Note: that’s what happens when you put Communications Researchers (as opposed to Medical Scientists) on the job 😉



3.Tips, Tricks and Hacks

Far beyond commiserating and providing a sense of community, we found proof that PWDs are literally acting as 24/7 tech support for each other, asking and answering questions in a variety of formats.

Of course the incredibly active Nightscout and #WeAreNotWaiting DIY tech communities are standout examples of this. But we found that pictorial and video how-to guides on all sorts of D-related tools and tasks are incredibly prevalent, and we saw people beginning to use the new Facebook Live feature for in-the-moment help as well.

People are asking each other detailed point-blank questions like, “How do you avoid scarring from insulin pump insertion sites?” or “How do you insert a CGM sensor on your arm without help?” or “How do I apply to get a diabetes alert dog?”

Interestingly, we saw many more PWDs asking questions than answering them, indicating a strong “unmet need” for additional real-world education and support.


4. Influencing Diabetes Customers

Related to the last point, we observed plenty of evidence that the social web is enabling PWDs to influence each other’s choices, which impacts the market for devices, drugs, and services.


People are desperately seeking real-world experience and product reviews before they decide to try a new diabetes tool — especially an expensive one like a pump or CGM that will be a multi-year commitment. And while you can read ample product reviews on the web for everything from chewing gum to automobiles, it has been nearly impossible to find this candid feedback on medical devices — until very recently with the advent of patient social media.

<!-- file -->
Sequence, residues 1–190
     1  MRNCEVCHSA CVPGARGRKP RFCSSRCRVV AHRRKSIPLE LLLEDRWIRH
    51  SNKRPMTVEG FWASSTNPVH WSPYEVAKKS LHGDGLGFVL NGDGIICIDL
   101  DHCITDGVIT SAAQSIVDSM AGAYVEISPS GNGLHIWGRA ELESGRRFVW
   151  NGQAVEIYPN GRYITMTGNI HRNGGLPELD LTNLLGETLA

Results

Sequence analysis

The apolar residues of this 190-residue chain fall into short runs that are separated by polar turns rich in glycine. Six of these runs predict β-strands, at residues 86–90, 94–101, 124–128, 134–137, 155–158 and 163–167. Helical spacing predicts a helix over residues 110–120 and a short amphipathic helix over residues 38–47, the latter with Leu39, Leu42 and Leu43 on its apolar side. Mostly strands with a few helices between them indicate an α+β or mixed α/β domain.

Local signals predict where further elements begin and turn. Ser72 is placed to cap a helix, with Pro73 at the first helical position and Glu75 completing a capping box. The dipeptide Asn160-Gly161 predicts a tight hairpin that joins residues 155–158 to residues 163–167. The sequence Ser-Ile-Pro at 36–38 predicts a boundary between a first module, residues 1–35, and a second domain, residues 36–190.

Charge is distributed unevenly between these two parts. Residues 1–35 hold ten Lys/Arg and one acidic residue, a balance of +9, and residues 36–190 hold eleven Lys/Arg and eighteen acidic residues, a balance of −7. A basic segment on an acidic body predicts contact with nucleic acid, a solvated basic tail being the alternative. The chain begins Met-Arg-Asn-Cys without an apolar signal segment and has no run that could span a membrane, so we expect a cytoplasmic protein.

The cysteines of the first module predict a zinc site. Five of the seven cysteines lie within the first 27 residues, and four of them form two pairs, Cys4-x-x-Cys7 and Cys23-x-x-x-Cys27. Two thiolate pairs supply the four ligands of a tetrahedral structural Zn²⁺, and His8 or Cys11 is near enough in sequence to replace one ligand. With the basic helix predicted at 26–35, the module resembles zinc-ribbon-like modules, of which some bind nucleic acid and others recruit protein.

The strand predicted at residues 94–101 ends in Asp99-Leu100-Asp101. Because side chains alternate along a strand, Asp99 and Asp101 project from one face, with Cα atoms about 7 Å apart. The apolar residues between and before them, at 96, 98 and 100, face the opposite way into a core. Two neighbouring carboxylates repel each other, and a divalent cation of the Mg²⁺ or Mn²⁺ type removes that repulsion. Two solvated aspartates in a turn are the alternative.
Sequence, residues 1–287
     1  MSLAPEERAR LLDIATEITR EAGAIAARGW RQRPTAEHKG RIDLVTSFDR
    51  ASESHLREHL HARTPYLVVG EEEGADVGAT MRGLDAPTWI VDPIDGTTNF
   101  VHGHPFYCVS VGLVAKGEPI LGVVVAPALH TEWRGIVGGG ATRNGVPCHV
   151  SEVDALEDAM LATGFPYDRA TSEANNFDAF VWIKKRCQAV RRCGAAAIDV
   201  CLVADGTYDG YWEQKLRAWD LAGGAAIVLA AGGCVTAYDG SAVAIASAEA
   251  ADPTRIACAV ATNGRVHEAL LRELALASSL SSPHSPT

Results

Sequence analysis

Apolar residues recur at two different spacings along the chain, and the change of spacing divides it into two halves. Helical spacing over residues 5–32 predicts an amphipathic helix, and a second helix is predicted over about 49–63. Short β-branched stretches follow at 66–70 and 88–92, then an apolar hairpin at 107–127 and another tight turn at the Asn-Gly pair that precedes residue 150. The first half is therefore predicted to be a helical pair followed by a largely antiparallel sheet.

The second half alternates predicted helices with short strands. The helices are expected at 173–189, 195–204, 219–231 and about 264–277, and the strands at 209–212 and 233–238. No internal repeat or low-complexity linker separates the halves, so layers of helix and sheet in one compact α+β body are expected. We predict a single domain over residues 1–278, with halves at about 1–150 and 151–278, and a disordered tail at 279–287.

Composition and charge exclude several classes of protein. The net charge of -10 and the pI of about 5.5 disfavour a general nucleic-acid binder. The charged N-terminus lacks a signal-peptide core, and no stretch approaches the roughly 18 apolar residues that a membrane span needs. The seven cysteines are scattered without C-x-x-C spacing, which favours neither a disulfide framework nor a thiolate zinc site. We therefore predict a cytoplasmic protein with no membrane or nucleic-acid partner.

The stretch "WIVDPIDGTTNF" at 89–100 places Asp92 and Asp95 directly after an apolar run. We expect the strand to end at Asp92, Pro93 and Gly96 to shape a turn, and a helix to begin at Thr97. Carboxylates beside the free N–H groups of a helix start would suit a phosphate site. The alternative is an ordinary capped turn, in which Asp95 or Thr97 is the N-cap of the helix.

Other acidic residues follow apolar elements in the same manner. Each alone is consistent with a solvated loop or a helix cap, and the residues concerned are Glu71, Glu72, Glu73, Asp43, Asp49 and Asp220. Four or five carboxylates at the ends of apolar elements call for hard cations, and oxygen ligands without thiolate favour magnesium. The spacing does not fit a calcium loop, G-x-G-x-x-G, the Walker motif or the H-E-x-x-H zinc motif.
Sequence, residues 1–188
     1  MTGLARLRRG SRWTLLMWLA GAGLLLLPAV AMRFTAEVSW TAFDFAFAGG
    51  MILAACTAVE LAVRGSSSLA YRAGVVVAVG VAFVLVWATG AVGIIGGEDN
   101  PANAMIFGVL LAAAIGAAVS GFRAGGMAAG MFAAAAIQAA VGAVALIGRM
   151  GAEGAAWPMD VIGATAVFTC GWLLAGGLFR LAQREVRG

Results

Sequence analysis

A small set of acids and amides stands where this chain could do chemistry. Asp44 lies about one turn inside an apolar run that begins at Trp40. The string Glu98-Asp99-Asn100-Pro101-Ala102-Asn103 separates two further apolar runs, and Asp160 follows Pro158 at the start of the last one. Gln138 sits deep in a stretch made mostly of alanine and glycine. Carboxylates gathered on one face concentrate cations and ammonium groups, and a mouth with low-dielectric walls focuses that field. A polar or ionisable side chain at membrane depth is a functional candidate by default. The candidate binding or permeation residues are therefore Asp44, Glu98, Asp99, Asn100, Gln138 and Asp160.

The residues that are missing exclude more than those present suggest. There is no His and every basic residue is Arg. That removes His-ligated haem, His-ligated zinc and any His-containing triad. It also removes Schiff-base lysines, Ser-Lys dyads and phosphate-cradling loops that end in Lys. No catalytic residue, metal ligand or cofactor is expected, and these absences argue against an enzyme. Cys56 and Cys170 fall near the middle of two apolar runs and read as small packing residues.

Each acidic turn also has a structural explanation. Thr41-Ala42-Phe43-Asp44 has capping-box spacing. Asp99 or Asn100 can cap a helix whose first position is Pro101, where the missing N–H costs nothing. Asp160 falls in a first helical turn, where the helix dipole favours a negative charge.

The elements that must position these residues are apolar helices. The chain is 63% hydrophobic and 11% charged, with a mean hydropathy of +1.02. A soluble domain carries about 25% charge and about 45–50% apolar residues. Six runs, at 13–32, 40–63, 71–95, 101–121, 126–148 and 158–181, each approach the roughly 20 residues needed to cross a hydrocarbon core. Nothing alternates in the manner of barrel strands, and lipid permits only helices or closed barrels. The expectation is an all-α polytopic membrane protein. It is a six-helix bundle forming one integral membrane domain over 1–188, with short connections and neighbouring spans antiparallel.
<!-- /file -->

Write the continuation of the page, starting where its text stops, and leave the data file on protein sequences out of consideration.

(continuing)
The images and reviews PWDs are sharing are creating waves of influence — literally in some cases to the point of asking each other for specific purchase decision advice (i.e. “Should I get an OmniPod?”).

Of course this transcends comments on general shopping sites like Amazon, because a medical device is such an important life decision!


5. How Companies Can Get Engagement Right

We’ve talked a lot recently about the ‘consumerization’ of diabetes — the notion that diabetes is going mainstream, with patients finally being viewed and marketed to as direct consumers. This shift was very evident in our Netnography study.

When it comes to industry being part of all this online community interaction, we observed that it can be well received if their participation comes across as authentic, and addresses real issues beyond just product marketing. For example:

  • Simply sharing what’s happening in your offices on a given day, ie, “Hey, we’re shooting a video today,” helps put a human face on the organization

  • Letting the public “peek under the hood” of plans and technology by posting detailed graphics illustrates respect and a desire for patient community input

  • Acting as a source of education by providing relatable, useful information in Infographic form, often on Pinterest and Instagram, is highly appreciated

  • Recognizing and supporting hot-button patient advocacy movements (in the absence of conflict of interest) builds tremendous good will


The last sentence of our study Conclusion section states the following:

“Health care providers and industry vendors alike would do well to respect the tenets of patient social media and begin to think of it as an important resource both for PWDs’ quality of life and for critical customer interactions.”

That about sums it up, IMHO.

A huge thank you to the editors of the Journal of Diabetes Science & Technology for recognizing the value of this work.